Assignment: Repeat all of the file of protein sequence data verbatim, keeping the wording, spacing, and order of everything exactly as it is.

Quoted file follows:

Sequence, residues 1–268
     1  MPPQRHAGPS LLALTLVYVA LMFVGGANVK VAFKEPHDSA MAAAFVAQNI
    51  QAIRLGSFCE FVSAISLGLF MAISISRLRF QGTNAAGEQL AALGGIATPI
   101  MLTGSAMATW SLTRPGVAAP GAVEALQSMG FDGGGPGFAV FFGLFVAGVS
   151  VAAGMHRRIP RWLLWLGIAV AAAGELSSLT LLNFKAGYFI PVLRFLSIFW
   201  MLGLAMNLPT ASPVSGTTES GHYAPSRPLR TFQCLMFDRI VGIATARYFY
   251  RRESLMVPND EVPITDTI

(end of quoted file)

Sequence, residues 1–268
     1  MPPQRHAGPS LLALTLVYVA LMFVGGANVK VAFKEPHDSA MAAAFVAQNI
    51  QAIRLGSFCE FVSAISLGLF MAISISRLRF QGTNAAGEQL AALGGIATPI
   101  MLTGSAMATW SLTRPGVAAP GAVEALQSMG FDGGGPGFAV FFGLFVAGVS
   151  VAAGMHRRIP RWLLWLGIAV AAAGELSSLT LLNFKAGYFI PVLRFLSIFW
   201  MLGLAMNLPT ASPVSGTTES GHYAPSRPLR TFQCLMFDRI VGIATARYFY
   251  RRESLMVPND EVPITDTI